I called it the spirit of 76" floating ball. Marshall Brodien was going to distribute it for me but I couldn't meet his production criteria, so I went with Robbins.
That was the year I did the original "mime ball" shown in the video which was designed for Jeff McBride who was performing at the Orange County Fair (age 16).
Jeff was doing a ball back then and did some of the Crowe moves plus isolation moves. My ball method lent itself to a transition of methods from "th**b" to my gimmick or standard gimmick.

The plastic is seamless but there is a plastic weld mark.

----------
My link is on point because of the discussion of mime moves with zombie balls that do not use the standard zombie gimmick.
Illusionist, Illusionist consulting, product development, stage consultant, seasoned performer for over 35 years. Specializing in original effects. Highly opinionated, usually correct, and not afraid of jealous critics. I've been a puppet, a pirate, a pawn and a King. Free lance gynecologist.
magicians
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Quote:
On 2011-07-16 06:50, lawrens wrote:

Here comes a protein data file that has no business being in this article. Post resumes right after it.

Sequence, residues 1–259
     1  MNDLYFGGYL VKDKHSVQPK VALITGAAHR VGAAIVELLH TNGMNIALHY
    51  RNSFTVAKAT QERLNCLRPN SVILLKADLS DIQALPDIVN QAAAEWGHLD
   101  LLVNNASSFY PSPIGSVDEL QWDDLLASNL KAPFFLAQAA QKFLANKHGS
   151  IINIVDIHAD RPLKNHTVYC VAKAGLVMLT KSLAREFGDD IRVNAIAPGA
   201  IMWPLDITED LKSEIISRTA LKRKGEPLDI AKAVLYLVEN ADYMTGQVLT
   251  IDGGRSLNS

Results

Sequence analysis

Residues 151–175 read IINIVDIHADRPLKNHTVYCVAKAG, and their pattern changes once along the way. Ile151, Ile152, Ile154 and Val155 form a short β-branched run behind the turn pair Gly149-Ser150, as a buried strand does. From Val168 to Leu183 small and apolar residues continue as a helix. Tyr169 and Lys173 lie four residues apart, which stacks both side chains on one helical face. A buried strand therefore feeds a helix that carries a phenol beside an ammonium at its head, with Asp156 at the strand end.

@Marc Christopher :
Have you considered trying some contact juggling move ?
When I do my routine people often think about it as a "floating ball" ^^
Here a are some moves (not a routine) I like to play with :
http://www.youtube.com/watch?v=yT_p7eRLppY

I always loved your work. I am working on using zombie with contact methods.
One additional method to achieve the transition from isolation moves to a "crowe-like" movement was the suction cup th**b gimmick which allowed for the movement away from the hand. This could be done with finger or th***.
Illusionist, Illusionist consulting, product development, stage consultant, seasoned performer for over 35 years. Specializing in original effects. Highly opinionated, usually correct, and not afraid of jealous critics. I've been a puppet, a pirate, a pawn and a King. Free lance gynecologist.
Autumn Morning Star
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Ian, the zombie could be done with the other tt or ft methods and I bet they could be orchestrated beautifully. PS: I enjoyed your video link Smile
Autumn